Italian police announced that they have helped “smash” the largest pirate television streaming service in the world. The illegal service — known as Xtream Codes — had over 5 million paying customers in Italy alone, Italian news outlet The Local reported earlier today.
Police officials coordinated their efforts internationally, teaming up with authorities from the Netherlands, Greece, France, Bulgaria, and Germany — all conducting raids orchestrated by Eurojust, the European Union’s judicial cooperation agency. These raids have resulted in 23 suspects being arrested so far.
Reports state that the pirate network is responsible for around €6.5 million ($7.2 million) of damage to the television streaming market. The service reportedly put thousands of jobs at risk by taking money away from legitimate television streaming companies such as Amazon which, per The Inquisitr, will soon start filming its $1 billion Lord of the Rings TV show.
Xtream Codes was set up so that subscribers could pay €12 ($13.25) a month and receive television services from Sky Italy, Mediaset, and even Netflix, among others, at a price well below the market rate.
The operation resulted in over 200 servers being taken offline and some 150 PayPal accounts suspected to belong to members of the ring getting blocked.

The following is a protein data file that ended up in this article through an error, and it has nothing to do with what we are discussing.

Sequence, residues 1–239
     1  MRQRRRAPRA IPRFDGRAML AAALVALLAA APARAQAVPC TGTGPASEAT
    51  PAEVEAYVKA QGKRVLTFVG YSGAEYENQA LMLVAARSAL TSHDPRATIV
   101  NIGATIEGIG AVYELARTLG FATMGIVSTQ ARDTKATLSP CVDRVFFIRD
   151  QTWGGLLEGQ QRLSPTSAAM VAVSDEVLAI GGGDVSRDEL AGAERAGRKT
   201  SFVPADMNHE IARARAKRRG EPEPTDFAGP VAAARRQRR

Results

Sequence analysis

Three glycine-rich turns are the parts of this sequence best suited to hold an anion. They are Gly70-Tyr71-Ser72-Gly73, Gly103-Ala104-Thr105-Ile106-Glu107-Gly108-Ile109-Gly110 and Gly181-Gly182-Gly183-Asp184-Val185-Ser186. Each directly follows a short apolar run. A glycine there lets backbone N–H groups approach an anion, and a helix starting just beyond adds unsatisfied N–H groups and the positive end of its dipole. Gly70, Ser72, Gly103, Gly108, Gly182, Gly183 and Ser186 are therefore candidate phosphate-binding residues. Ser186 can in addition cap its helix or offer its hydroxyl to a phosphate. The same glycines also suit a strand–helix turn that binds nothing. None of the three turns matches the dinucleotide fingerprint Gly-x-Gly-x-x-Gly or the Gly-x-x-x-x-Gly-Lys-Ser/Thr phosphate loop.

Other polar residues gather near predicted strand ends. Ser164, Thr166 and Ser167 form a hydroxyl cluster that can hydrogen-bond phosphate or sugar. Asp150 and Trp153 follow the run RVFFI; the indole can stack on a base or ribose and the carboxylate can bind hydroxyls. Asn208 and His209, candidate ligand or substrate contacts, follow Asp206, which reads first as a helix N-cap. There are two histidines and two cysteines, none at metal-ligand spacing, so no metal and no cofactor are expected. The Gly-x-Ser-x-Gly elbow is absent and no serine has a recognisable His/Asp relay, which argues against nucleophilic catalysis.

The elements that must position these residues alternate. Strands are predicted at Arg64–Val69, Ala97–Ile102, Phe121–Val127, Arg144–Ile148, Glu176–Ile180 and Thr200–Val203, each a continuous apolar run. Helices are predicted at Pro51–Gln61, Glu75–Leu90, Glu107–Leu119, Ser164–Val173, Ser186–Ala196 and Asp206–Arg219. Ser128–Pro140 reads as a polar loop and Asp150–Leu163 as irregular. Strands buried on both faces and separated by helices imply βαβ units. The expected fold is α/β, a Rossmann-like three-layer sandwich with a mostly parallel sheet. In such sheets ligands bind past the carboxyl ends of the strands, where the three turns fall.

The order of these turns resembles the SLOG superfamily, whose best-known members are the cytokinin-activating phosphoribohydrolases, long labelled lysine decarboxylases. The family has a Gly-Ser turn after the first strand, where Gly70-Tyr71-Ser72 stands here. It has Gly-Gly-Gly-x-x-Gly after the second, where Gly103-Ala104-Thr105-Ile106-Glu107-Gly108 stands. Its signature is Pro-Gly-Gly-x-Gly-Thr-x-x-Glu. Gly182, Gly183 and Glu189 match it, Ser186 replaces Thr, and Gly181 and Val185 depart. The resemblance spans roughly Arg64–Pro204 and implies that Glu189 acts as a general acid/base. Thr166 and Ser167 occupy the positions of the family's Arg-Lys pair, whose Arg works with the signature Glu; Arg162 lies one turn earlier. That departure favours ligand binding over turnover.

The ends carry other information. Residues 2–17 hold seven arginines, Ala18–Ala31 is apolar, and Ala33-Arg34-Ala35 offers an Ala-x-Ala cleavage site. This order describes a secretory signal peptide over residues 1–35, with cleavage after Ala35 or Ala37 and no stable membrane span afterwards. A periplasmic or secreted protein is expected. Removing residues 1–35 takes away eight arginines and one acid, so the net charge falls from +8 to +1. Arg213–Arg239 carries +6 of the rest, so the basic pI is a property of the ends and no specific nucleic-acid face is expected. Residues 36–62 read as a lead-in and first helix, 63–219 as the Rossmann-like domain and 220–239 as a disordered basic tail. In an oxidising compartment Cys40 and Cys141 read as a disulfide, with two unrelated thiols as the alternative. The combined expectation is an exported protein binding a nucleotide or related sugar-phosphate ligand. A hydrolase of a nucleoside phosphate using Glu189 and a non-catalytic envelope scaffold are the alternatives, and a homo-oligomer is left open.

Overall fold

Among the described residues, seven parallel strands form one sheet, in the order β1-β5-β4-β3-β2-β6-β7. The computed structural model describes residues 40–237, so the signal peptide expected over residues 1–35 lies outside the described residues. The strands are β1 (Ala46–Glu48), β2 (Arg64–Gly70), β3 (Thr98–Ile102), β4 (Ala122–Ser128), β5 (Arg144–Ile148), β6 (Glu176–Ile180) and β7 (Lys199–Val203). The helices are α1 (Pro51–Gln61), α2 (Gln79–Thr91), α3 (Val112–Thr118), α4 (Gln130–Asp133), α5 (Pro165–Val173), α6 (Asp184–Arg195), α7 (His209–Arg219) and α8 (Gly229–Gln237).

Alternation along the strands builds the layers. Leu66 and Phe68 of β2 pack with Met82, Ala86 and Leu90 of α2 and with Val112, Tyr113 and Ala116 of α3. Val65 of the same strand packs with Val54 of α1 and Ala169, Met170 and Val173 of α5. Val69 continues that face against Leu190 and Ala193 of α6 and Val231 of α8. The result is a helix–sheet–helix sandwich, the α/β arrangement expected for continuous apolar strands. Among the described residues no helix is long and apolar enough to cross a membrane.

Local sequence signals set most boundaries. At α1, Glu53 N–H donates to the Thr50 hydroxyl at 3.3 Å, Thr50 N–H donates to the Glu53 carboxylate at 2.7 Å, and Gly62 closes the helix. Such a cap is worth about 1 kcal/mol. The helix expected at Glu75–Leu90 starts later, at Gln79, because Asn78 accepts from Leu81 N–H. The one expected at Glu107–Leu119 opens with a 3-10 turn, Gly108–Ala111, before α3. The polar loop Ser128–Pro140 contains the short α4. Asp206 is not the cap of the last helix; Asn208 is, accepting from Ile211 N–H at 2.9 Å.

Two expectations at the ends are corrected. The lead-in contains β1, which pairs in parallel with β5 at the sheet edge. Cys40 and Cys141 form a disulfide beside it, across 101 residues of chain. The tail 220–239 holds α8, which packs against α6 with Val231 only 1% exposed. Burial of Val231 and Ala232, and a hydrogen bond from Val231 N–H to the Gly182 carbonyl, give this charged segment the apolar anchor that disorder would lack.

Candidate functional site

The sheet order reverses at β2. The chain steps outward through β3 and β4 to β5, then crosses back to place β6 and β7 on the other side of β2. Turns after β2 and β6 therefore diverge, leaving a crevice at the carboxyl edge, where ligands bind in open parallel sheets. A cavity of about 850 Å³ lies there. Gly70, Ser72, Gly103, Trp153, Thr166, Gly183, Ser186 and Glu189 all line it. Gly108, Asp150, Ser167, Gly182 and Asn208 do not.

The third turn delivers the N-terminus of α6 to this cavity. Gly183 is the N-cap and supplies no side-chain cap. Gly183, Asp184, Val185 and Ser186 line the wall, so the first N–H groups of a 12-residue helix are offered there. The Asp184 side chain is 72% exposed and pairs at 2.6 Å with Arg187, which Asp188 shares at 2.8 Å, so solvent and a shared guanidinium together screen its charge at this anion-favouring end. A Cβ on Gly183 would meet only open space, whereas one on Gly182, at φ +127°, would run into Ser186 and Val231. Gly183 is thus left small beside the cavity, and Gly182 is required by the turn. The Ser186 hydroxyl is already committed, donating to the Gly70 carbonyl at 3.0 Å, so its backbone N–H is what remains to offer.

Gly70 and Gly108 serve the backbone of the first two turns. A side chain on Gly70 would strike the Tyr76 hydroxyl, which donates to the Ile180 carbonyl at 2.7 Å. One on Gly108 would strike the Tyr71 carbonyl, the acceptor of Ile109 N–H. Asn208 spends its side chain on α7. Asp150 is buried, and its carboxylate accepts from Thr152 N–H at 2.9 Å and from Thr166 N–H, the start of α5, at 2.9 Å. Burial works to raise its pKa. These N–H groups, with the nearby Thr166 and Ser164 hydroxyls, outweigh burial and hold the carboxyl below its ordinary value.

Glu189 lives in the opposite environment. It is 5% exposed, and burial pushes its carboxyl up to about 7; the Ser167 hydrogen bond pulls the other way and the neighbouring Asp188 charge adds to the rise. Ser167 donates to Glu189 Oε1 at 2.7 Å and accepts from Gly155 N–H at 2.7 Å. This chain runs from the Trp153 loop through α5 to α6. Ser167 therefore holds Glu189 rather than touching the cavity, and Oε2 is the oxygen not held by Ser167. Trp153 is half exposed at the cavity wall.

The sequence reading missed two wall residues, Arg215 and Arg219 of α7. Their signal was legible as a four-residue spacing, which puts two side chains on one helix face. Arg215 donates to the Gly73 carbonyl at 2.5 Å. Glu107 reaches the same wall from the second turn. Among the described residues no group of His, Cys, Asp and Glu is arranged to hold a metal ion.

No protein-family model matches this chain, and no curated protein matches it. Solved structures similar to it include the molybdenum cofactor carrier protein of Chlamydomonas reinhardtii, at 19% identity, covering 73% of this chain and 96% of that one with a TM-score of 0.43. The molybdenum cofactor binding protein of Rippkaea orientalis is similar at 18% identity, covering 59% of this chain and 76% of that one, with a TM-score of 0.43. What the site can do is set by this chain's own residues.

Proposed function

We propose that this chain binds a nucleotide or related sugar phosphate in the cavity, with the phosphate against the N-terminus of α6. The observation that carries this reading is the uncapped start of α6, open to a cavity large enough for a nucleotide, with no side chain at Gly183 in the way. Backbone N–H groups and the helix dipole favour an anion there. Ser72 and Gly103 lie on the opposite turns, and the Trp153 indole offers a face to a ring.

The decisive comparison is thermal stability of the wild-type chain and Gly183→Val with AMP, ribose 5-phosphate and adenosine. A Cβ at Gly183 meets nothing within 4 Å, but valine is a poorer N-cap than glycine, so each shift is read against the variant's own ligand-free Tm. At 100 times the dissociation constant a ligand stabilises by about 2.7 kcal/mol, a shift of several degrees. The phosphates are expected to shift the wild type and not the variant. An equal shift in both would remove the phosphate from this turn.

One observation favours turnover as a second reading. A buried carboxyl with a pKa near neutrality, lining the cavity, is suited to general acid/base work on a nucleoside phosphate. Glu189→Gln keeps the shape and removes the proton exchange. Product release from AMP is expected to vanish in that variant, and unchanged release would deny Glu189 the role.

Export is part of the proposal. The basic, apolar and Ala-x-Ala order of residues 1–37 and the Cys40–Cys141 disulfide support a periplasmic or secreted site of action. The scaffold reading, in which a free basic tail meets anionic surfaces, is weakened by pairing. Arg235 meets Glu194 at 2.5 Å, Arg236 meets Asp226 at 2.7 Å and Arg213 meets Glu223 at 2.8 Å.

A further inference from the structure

Italy’s representative for Eurojust, Filippo Spiezia, shared details at a press conference at The Hague on the west coast of the Netherlands.
“The damage caused to the broadcast companies, the private sector and public institutions so far is immense…The effects created by this illegal activity include unfair competition, financial loss… and thousands of jobs put in danger.”
Despite the shutdown, one popular TV streaming YouTuber reported that Xtream Codes is confident that a fix is “coming soon”.
Valeria Sico is a deputy prosecutor at the Naples public prosecutions office who also attended the press conference.
“We discovered a new system… which was much more evolved,” she said, making comparisons to previous pirate TV network attempts.
Sico went on to say that beginning had the group had advertised the illegal service on Facebook, “telling people for a small price they could access all TV channels on demand.”
One Dutch prosecutor who specializes in cybercrime shared that the Netherlands alone had shut down 93 of the 200 servers, which were based in and around The Hague.
“This was a criminal group that used a sophisticated technical network that was really intended to resist actions by the authorities.”
Greek publication Ekathimerini reported that the two suspected masterminds behind the platform — Greek nationals aged 27 and 31-years-old — were arrested in Athens and Thessaloniki. Among the resources seized at the homes of the two individuals were cryptocurrency wallets — one branded with the illegal network’s logo — around €115,000 in cash, four servers, and over 20 Internet Protocol Television (IPTV) streaming boxes.